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I would like to load a txt file into a CLOB field. The catch is that the file resides on the local disk (not on the oracle server). Is it possible to do this with pl/sql, running windows, perhaps from from TOAD or SQLPlus?

If so, could someone share the pl/sql?

I have seen several posts on loading a CLOB File from the server disk, Example1 and Example2. But can't seem to find anything on loading the file from local disk.

Thank you!

ps, It would be great if the routine supported multi-byte text (as in the examples).

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PL/SQL executes in the server context. It does not have any "access" to a client's local machine. You can certainly use TOAD to edit a CLOB field, but that is not the same thing. –  OldProgrammer Jul 13 '13 at 1:38

1 Answer 1

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No, you can't use a PL/SQL script to load a local file into table. But there is an alternative: loading local file(s) into CLOB field with local Oracle SQL*Loader. Install Oracle Client on your machine if you didn't do this before and use the article to create your own SQL*Loader config and script to running it.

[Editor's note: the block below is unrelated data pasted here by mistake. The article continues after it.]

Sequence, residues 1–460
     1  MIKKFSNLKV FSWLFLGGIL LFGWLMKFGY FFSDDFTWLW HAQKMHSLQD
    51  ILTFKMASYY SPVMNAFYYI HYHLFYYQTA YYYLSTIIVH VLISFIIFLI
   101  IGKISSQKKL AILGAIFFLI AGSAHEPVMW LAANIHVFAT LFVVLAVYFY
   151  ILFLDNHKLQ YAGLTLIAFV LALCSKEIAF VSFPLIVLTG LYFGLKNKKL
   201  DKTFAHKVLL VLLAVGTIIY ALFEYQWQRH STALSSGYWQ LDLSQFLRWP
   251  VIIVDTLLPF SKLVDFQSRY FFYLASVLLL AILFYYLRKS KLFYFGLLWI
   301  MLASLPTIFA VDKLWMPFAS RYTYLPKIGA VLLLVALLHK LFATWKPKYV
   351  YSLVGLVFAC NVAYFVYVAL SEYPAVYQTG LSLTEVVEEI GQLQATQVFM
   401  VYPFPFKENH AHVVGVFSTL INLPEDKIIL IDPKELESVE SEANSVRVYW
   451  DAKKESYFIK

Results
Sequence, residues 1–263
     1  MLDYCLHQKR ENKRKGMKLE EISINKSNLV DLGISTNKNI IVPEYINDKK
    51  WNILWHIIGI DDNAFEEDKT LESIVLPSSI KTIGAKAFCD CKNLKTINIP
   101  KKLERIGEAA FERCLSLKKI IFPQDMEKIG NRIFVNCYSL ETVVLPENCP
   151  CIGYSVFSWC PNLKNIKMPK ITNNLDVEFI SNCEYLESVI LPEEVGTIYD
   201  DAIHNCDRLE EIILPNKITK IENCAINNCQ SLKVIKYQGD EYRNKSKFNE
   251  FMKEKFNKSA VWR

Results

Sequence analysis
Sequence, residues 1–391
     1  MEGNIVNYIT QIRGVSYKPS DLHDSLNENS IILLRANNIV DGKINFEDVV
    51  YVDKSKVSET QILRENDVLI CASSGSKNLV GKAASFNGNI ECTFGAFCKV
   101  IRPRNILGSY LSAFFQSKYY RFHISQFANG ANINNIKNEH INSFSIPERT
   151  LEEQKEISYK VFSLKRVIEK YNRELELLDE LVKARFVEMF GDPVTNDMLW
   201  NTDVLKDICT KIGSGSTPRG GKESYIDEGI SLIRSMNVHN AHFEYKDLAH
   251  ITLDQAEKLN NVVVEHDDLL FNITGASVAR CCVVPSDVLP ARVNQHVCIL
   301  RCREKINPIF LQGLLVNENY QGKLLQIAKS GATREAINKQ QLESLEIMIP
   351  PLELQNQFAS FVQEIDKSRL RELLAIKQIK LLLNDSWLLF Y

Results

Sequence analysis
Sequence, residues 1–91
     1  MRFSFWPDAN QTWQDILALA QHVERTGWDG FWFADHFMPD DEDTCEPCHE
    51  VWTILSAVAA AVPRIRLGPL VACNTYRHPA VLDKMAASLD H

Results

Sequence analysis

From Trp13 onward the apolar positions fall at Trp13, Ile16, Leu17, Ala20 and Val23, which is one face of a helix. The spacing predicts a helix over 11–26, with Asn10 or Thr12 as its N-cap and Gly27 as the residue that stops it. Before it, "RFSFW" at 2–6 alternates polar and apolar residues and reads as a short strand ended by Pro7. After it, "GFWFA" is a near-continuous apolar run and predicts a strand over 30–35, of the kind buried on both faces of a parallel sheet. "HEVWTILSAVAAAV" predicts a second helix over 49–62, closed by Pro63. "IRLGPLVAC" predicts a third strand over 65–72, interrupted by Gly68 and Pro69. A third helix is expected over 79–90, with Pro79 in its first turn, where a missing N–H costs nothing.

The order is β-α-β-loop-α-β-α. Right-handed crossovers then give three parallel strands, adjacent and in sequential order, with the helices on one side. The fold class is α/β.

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Thank you for the link, unfortunately SQL*Loader won't work here. I am looking to update a CLOB column, within an existing table, not the entire row. –  sse Jul 15 '13 at 17:01
Hum, you can create some staging table that will store a row with CLOB data until you update a field within your table. After that you could clean the staging table. –  suPPLer Jul 15 '13 at 22:14
SQL-script that calls shell script, which set environment variables and load a local file into the staging table, then updates your data and clean staging table -- all this may looks little complicated... But it will work. –  suPPLer Jul 15 '13 at 22:20
Thank you, that does indeed sound rather complicated, but it does also sound like something that could work. Not sure which environment variables you're referring to. But, it sounds like it has at least three pieces, shell script to set env vars, PL/SQL routine to load the data to temp table, pl/sql routine to push CLOB field to destination table, right? I wonder if you could provide an example? –  sse Jul 17 '13 at 18:43

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